Le Monde analyses the Israeli response to the new level of threat posed by Hamas's long-range missiles. As air strikes against targets inside the Gaza Strip continue, the surrounding territory in the Jewish state has been declared a "closed military zone". That, says Le Monde, is never a good sign. Neither is the huge concentration of tanks and military equipment around Gaza, nor the decision to call up 75,000 Israeli army reservists.
Libération interviews some of those military personnel who were whisked from their civilian lives over the weekend and now find themselves awaiting orders in the southern Israeli desert. The general tone is one of hopeless resignation.
"We'll invade Gaza. But what will we do then?" wonders one part-time soldier. The fact is that the Israeli army has already gone in a dozen times, without changing the fundamental situation. The last major incursion, at the end of 2008, resulted in the deaths of 1,400 Palestinians. Another unwilling volunteer says Israel and Palestine are condemned to act out the same ghastly dance, without winners or losers, just ever higher piles of civilian corpses. He'd like to see real peace talks, but wonders whether the interests of the Hamas leadership are not better served by the current state of siege. One could ask the same question of the Netanyahu government, but that's a different story.
Right-wing Le Figaro looks at the battle to lead the main opposition party, the UMP. Launched as an exercise in internal democracy, designed to increase the transparency of the selection and election processes, the power struggle has become bogged down in mutual accusations of fraud and misconduct by the two candidates, Jean-François Copé and former PM, François Fillon.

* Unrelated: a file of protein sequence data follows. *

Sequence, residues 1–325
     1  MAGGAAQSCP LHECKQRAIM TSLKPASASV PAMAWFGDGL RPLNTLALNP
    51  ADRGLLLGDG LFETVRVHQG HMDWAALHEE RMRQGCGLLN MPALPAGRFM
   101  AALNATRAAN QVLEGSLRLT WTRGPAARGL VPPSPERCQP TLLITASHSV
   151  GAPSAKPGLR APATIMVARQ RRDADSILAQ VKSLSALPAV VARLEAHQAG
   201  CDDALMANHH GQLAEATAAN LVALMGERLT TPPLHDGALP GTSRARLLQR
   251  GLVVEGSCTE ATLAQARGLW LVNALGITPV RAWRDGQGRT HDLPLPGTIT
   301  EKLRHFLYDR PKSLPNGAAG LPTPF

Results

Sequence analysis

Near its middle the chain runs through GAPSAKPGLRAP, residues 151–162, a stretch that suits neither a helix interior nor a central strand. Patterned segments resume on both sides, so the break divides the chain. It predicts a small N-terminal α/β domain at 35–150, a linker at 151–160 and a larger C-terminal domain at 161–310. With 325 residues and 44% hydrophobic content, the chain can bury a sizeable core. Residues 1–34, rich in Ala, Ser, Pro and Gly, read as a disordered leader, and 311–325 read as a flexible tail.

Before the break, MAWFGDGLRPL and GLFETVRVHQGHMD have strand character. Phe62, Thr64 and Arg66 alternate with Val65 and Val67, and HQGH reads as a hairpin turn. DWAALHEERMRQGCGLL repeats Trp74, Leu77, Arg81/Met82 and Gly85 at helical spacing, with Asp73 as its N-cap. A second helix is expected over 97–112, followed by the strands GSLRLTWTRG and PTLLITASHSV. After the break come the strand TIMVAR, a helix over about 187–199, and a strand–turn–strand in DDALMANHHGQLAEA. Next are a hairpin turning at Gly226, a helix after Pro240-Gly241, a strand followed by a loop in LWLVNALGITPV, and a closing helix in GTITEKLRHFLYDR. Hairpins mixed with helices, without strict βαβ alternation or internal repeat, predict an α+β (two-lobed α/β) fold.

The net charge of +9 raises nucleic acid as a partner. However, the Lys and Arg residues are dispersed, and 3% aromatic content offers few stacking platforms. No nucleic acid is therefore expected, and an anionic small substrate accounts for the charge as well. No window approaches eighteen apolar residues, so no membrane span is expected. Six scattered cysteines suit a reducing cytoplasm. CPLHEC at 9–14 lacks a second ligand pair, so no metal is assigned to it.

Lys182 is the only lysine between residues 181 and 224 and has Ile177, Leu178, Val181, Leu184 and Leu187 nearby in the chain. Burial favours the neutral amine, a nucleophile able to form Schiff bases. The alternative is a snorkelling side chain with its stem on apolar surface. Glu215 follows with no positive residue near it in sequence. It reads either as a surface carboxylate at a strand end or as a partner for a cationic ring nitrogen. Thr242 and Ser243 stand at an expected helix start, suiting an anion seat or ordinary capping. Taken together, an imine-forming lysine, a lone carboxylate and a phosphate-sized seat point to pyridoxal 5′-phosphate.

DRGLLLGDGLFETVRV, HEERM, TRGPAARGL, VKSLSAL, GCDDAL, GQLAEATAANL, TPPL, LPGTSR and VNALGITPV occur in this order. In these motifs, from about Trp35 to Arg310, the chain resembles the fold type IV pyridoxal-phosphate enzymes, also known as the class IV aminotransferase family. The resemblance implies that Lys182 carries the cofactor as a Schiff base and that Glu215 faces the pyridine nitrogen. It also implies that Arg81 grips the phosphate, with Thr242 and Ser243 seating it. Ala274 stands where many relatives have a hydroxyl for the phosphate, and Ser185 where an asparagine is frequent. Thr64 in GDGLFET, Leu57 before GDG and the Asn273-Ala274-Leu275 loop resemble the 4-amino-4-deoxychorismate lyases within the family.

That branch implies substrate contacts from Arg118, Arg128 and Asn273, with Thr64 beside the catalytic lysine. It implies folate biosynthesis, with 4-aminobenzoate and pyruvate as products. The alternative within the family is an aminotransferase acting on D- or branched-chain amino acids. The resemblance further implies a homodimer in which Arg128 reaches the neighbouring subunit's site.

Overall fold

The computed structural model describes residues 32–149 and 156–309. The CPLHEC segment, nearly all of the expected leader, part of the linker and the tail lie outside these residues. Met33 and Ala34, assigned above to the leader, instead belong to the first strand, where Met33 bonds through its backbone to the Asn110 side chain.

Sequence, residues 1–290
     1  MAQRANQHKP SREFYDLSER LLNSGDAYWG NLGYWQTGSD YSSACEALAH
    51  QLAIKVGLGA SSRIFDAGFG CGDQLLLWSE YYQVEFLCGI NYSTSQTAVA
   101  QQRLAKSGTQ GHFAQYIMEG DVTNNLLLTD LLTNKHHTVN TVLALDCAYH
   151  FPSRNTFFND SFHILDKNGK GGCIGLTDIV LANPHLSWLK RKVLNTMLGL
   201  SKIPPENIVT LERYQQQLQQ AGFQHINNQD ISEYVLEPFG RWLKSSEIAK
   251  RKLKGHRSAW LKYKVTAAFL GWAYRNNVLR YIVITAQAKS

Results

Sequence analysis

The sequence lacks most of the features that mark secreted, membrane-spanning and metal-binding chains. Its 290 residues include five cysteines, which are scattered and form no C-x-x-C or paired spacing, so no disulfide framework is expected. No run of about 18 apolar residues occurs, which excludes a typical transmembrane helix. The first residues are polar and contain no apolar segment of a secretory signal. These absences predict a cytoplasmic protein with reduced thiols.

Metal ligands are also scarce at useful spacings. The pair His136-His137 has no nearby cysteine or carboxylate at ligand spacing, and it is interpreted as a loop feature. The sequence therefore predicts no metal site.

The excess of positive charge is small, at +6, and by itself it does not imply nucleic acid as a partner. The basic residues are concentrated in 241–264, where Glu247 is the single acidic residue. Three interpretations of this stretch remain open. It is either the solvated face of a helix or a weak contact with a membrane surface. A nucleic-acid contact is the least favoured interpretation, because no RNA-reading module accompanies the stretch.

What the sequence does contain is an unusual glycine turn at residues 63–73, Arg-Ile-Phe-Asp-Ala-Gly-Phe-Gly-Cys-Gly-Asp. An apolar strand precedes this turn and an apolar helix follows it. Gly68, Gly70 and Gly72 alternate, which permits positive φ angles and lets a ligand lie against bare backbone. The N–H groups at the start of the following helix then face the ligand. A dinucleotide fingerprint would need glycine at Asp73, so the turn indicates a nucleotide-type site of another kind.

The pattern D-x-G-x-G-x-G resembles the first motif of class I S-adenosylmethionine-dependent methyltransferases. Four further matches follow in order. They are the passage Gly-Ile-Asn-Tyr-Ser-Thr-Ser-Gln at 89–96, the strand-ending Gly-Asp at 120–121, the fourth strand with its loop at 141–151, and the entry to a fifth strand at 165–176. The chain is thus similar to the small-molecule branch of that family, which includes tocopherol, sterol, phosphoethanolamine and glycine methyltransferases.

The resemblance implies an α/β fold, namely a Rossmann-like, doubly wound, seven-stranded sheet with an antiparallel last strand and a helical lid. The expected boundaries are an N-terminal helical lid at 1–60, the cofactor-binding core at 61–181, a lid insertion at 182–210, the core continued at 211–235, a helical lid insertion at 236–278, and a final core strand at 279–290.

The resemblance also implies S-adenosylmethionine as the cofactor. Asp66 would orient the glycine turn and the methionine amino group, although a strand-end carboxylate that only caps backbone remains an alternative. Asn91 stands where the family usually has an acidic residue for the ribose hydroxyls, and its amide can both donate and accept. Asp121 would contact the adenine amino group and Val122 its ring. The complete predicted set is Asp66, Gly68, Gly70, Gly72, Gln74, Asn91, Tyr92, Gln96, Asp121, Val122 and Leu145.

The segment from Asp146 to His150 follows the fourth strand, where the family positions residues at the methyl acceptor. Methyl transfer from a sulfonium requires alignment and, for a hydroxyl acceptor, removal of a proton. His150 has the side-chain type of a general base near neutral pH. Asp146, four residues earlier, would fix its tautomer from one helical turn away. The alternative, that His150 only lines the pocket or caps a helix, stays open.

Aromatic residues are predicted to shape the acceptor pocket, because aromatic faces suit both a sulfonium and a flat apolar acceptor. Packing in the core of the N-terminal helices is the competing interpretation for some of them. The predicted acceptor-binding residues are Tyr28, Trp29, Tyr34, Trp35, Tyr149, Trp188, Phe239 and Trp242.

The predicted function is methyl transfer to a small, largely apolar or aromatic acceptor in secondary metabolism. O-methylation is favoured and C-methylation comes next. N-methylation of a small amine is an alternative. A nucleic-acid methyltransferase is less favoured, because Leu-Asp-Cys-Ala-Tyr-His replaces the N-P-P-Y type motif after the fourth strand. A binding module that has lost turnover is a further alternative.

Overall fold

There's no crisis in the global arms market.
According to an article in Le Monde, heavy weapons worth nearly 30 billion dollars changed hands in the course of 2011. That represents a 24 per cent increase in arms sales over the four years from 2007 to 2011, compared to a similar period starting in 2002.
Asia is the fastest growing market, with India, Pakistan and South Korea the major importers. Russia and the United States are the big sellers, accounting between them for nearly two-thirds of global weapons sales.
Algeria is the only African country among the top ten arms importers, having spent 4.6 million dollars on weapons between 2007 and last year. South Africa is no longer a significant exporter of arms on a world scale.